In the first of his series of articles for Running Trips, physiotherapist and elite runner Matt Bergin asks the golden question of why do runners get injured? 

Matt is a sub 14minute 5k runner and physiotherapist specialising in the treatment and ongoing care of distance runners at the elite and club level. He’s the perfect person to help us understand why runners get problems, and in later articles, what we can do to mitigate the risks. 

Why do runners get injured?

Runners all get injured.

“79% of runners experience at least one injury per year”1

No matter how much or how little you run. No matter how quick or slow those miles are completed. No matter whether you have regular sports massage, foam roll, stretch, or complete regular strength work, all runners experience niggles, and injuries. 

It is, unfortunately, part of the package of being a runner and as much as we like to think we can completely prevent them, we simply cannot. But what we can do is reduce our chances of developing them in the first place, or the impact they have when they do, inevitably occur. 

“Insanity is doing the same thing over and over and expecting different results”

– Albert Einstein

Many of the runners I see are repeat offenders. They get a problem, fix it, and then revert to the same behaviour and training patterns that caused it in the first place. Or even worse are those with chronic issues which have been ignored for months, if not years.

But Why? 

As runners, we are inherently impatient, and that’s me as a runner, as well as a physiotherapist speaking. We want that quick fix, a quick massage, that bit of tape, or those off-the-shelf insoles, hoping the issue will simply go away. But unfortunately, it often doesn’t…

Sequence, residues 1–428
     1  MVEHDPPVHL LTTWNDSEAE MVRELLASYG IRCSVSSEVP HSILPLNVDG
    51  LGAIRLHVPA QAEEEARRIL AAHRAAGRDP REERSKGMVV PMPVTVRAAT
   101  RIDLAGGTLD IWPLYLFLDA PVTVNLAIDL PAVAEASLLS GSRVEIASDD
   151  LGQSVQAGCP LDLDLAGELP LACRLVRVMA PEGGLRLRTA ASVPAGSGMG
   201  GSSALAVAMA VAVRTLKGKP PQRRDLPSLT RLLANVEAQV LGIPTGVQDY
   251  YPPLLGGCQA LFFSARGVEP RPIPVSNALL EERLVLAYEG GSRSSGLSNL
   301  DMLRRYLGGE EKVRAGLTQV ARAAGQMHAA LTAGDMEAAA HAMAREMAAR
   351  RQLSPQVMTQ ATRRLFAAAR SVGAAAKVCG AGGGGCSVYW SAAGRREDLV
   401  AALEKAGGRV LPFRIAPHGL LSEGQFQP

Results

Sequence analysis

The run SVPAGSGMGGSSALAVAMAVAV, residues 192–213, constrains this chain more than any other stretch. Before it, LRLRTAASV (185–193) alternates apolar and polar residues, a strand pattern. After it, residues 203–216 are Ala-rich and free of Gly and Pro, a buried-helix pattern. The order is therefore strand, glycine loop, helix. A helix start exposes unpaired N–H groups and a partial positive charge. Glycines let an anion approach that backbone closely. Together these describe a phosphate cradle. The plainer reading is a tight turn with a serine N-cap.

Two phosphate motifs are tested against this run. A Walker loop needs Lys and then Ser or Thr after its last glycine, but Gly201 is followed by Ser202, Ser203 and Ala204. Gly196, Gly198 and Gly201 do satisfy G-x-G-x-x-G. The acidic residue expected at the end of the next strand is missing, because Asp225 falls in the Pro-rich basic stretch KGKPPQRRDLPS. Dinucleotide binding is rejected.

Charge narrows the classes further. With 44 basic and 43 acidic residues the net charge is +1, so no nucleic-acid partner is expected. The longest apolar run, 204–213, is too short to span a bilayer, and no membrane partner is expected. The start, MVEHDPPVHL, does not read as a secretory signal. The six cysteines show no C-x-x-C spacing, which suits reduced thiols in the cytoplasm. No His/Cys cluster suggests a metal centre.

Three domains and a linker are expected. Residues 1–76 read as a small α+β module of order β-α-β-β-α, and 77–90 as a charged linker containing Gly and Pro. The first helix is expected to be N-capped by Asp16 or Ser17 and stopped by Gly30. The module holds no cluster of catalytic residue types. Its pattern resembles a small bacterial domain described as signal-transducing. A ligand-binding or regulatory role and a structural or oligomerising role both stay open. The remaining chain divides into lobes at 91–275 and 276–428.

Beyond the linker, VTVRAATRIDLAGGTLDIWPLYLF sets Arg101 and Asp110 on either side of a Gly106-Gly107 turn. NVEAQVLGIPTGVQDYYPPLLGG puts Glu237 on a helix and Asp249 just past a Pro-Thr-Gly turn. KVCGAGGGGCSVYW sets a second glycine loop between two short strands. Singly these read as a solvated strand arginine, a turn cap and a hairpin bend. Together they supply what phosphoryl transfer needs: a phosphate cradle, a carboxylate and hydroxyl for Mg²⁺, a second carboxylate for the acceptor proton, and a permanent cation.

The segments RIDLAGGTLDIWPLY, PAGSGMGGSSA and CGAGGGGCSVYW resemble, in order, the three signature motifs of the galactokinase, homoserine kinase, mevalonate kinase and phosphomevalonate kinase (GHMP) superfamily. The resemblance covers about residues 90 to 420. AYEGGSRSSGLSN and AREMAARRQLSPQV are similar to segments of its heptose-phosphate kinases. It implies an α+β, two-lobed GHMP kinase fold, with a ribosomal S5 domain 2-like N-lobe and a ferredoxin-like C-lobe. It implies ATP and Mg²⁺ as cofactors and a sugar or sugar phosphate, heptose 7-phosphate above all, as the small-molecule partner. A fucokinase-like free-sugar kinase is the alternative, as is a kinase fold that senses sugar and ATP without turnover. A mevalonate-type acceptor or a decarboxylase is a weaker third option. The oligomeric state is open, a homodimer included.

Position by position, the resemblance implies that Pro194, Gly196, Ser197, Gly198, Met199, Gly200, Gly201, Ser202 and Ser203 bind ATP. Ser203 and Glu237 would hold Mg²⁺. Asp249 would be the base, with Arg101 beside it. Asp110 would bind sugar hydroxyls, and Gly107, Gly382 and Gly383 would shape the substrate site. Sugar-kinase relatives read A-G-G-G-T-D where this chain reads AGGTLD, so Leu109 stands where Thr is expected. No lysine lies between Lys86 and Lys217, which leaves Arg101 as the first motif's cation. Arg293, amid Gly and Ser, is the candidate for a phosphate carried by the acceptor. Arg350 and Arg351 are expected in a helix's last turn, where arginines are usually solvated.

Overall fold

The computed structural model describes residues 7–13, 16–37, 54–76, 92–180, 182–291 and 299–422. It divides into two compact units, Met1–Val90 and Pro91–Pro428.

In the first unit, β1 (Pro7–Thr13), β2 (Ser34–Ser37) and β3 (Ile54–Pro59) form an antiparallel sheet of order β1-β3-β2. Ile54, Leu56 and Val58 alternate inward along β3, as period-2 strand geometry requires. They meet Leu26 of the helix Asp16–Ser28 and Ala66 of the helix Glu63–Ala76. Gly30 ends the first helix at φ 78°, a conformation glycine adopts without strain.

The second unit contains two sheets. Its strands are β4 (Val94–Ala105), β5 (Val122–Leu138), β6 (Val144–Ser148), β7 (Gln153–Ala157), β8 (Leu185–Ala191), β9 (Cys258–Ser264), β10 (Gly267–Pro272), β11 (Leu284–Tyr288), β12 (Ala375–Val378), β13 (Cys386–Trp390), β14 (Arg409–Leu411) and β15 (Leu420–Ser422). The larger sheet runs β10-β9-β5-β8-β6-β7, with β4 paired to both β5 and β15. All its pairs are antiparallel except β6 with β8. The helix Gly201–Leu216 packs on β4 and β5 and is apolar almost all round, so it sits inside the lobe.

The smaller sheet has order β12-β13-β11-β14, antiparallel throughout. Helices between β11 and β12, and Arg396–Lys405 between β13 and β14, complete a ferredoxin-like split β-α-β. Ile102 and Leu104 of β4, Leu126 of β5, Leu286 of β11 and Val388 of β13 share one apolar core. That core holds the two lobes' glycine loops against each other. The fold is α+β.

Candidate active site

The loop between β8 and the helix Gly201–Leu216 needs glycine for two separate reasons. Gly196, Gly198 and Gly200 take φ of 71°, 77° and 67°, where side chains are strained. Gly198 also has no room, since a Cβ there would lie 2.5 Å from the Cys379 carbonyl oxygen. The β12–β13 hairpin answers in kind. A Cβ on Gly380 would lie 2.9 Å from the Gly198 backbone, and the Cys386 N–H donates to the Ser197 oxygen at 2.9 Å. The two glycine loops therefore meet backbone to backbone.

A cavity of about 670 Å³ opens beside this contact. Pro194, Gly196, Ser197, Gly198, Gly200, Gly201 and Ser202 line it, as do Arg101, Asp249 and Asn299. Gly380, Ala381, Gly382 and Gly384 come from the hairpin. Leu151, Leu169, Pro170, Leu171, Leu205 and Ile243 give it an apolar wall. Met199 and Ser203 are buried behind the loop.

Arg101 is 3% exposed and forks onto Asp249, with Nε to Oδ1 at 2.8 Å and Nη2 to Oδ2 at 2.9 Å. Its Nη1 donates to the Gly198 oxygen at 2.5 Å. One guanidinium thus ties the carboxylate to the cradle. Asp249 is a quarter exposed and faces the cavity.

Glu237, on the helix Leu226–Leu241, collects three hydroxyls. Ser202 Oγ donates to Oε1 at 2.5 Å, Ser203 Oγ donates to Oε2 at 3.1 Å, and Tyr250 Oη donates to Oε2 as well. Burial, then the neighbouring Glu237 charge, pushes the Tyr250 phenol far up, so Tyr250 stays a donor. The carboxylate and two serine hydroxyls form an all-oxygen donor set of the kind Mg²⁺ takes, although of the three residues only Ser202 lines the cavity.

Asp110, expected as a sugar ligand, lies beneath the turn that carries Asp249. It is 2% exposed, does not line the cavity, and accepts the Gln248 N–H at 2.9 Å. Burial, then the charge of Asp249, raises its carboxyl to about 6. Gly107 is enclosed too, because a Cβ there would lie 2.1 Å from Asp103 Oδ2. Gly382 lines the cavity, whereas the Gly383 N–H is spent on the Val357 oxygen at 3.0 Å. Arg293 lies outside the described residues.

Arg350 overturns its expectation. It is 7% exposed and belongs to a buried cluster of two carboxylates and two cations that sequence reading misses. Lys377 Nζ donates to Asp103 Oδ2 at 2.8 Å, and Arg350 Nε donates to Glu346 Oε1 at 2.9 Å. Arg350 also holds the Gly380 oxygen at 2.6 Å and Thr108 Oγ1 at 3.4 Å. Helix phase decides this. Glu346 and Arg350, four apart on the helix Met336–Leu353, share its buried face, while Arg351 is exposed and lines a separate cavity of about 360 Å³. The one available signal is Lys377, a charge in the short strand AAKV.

We get told that our Achilles injury will likely require 2-3 months of progressive loading exercises, followed by plyometric exercises, and finally incorporated into running drills. That’s before we can even start to think about progressing or even initiating some form of running. Hardly the news we wanted… However, if you’re a runner who wants to reduce your injury rate and maintain healthy spells of long term training, then you may need to listen up and consider learning some of the following important lessons.

“Training error accounts for 60-70% of all running-related injuries”2 

The biggest cause of running-related injuries are errors in our training2.

The classic ‘too much too soon’. Rushing back from one injury and developing another or aggravating the same old injury. Once stuck in that cycle of injury after injury it can be incredibly hard to get out of it. This really can’t be stated forcefully enough. Just because you are no longer injured doesn’t mean you can jump back to your previous levels of training. The correct and sensible return to running program is often much more gradual and slow than most runners (and often coaches) are happy to accept. The biggest issue that we often face as runners is that our aerobic system is ready to go before our physical system – our muscles, tendons and bones. Heart and lungs wise, you feel ready to resume hard running, but the tissues are not ready for this level of impact and work.

However, some runners will have repeated recurrence of the same issue, despite having listened to their physio and coach, having diligently completed all the rehab exercises and completed a sensible progressive overload back to full training. In these cases, we must look beyond just the training errors and the area of soreness. This is where the running specialist physiotherapist comes in; someone who will prescribe more than just rest and treat beyond just the symptoms.